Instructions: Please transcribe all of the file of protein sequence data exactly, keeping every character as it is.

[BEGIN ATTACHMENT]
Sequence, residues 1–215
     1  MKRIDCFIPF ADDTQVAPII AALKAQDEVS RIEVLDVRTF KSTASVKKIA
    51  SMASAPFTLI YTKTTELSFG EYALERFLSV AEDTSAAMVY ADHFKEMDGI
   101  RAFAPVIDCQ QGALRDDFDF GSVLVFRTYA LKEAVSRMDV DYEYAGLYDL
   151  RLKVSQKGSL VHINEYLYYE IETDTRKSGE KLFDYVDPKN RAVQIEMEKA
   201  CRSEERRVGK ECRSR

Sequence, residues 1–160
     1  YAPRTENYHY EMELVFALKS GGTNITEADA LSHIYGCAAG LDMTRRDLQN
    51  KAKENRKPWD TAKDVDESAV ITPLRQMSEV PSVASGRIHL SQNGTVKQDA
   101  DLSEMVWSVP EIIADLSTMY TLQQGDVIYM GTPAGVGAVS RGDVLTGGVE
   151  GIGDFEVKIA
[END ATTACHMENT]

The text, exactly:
Sequence, residues 1–215
     1  MKRIDCFIPF ADDTQVAPII AALKAQDEVS RIEVLDVRTF KSTASVKKIA
    51  SMASAPFTLI YTKTTELSFG EYALERFLSV AEDTSAAMVY ADHFKEMDGI
   101  RAFAPVIDCQ QGALRDDFDF GSVLVFRTYA LKEAVSRMDV DYEYAGLYDL
   151  RLKVSQKGSL VHINEYLYYE IETDTRKSGE KLFDYVDPKN RAVQIEMEKA
   201  CRSEERRVGK ECRSR

Sequence, residues 1–160
     1  YAPRTENYHY EMELVFALKS GGTNITEADA LSHIYGCAAG LDMTRRDLQN
    51  KAKENRKPWD TAKDVDESAV ITPLRQMSEV PSVASGRIHL SQNGTVKQDA
   101  DLSEMVWSVP EIIADLSTMY TLQQGDVIYM GTPAGVGAVS RGDVLTGGVE
   151  GIGDFEVKIA